Africa is coming to the United States – through fashion. In this month’s issue of Marie Claire in the “Feel-Good Fashion” column, the writer interviewed Deborah Lloyd, the Creative Director at Kate Spade. The focus of the interview was Lloyd’s travels to Africa to find items and materials to for its partnership with Women for Women International (WFWI). I had no idea about this, but Kate Spade has partnered with the WFWI since 2006! Through the program, the companies focus on working with artisans in former war zones.
The program not only includes health and life-skills education, but the WFWI also trains the local women to make one-of-a-kind handicrafts that are then designed and sold by Kate Spade. Check out the designer’s latest sale through the WFWI, which sold out days after being announced on March 8th of last year. This endeavor not only provides a very philanthropic voice to the company, but it provides women in these countries education and independence through work and a living wage. Kate Spade and the WFWI bring work to Africa, and style to America.
Fast forward to yesterday when I read in Racked.com about the website Heritage1960 launching. According to Racked:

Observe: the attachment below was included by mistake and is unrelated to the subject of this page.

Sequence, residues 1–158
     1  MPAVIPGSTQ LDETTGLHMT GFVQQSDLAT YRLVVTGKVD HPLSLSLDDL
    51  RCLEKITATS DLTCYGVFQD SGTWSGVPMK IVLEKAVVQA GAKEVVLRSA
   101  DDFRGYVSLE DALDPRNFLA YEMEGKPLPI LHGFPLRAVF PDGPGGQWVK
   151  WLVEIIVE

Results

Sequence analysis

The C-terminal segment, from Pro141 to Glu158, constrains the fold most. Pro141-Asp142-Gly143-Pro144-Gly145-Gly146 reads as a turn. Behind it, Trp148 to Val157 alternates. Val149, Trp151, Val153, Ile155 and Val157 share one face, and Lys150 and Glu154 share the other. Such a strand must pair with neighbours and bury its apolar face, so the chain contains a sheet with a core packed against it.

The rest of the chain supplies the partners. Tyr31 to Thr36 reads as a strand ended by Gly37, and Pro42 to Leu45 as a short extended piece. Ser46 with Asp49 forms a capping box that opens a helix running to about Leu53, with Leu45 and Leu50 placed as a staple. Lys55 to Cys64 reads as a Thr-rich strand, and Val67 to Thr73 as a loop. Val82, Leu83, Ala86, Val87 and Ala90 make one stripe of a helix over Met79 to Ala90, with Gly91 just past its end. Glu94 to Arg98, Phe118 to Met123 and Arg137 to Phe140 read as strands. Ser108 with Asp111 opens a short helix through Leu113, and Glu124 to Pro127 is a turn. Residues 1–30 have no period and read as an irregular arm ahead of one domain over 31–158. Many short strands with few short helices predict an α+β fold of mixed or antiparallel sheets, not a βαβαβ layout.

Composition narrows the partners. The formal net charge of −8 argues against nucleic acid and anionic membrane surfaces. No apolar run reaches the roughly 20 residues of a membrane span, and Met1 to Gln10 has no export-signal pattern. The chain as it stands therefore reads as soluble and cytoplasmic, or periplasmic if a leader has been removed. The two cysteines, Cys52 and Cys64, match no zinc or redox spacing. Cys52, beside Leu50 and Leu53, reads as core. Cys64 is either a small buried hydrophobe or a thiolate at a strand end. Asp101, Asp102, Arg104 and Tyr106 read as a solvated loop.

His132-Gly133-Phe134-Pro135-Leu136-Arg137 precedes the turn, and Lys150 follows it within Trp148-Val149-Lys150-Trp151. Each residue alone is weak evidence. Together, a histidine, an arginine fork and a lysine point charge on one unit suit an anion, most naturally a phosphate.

Today, in website launches: Heritage1960, a curated online shopping site that delivers African and African-inspired clothing and lifestyle products. The company’s founder, Enyinne Owunwanne, traveled to places like Abuja and Lagos in Nigeria and Johannesburg and Capetown in South Africa to source local designers, and each week she’ll be introducing a new one onto the site. Head here to check out what’s currently available, which includes ready-to-wear from J. Label and iPad cases and yoga accessories from Indego Africa.
News and endeavors such as these greatly inspire me and really excite me to know that we are working with other corners of the world to boost economies and causes. In the world of working, it’s not just about us. The age-old saying is that it “takes a village”. I’ve always been a very strong believer and proponent of teamwork. This takes teamwork to a whole new level, and it warms my heart to read about it.
Aside from purchasing these goods, you can also contribute $30 a month by joining the WFWI and help a fellow woman in a war-torn country.